A taskmaster transcription factor

A scattered array of DNA acquired via horizontal transfer can co-evolve into a well-tuned, efficient genetic network to maximize an organism's fitness, a new linkurl:study;http://www.nature.com/msb/journal/v5/n1/full/msb200940.html finds. Reporting online earlier this month in __Molecular Systems Biology__, researchers showed that a single transcription factor in a tiny, salt-loving archaeon coordinates the expression of more than 100 newly-obtained genes. Halobacterium salinarumImage: Wikimedi

Elie Dolgin
Jun 28, 2009
A scattered array of DNA acquired via horizontal transfer can co-evolve into a well-tuned, efficient genetic network to maximize an organism's fitness, a new linkurl:study;http://www.nature.com/msb/journal/v5/n1/full/msb200940.html finds. Reporting online earlier this month in __Molecular Systems Biology__, researchers showed that a single transcription factor in a tiny, salt-loving archaeon coordinates the expression of more than 100 newly-obtained genes.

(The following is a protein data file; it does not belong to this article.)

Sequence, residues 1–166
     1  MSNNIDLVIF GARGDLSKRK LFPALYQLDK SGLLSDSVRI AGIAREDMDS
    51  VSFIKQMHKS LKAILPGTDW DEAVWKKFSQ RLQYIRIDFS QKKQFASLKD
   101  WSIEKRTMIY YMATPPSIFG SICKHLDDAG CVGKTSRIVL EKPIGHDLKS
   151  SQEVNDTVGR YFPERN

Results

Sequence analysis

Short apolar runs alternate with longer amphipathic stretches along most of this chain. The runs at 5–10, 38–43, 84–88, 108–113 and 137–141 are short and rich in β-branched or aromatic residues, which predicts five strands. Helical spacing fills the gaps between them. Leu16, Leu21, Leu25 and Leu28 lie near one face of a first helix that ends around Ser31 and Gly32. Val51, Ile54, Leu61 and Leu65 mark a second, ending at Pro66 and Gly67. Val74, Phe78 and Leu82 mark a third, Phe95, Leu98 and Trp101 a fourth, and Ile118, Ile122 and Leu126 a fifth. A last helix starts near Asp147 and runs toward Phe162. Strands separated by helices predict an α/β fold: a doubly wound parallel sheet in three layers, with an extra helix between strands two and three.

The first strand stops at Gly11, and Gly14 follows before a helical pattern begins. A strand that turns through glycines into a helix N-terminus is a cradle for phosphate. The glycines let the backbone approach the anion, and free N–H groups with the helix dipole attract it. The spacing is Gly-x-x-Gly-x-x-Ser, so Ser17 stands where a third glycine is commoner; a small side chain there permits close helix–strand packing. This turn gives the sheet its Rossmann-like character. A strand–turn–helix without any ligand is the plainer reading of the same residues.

Halobacterium salinarum
Image: Wikimedia
"It is the first time someone has demonstrated the global integration of recently acquired genes by a single transcription factor," linkurl:Nitin Baliga,;http://www.systemsbiology.org/Scientists_and_Research/Faculty_Groups/Baliga_Group/Profile a microbiologist at the Institute for Systems Biology in Seattle, Wash., who led the study, told __The Scientist__ in an email. "This is an important evolutionary process that impacts all organisms." Baliga and his colleagues used a combination of classical genetics, genome-wide approaches, and computational analyses to characterize how the sugar-specific transcriptional regulator TrmB affects metabolism in__ linkurl:Halobacterium salinarum,;http://microbewiki.kenyon.edu/index.php/Halobacterium __the microbe that gives the Dead Sea its reddish...




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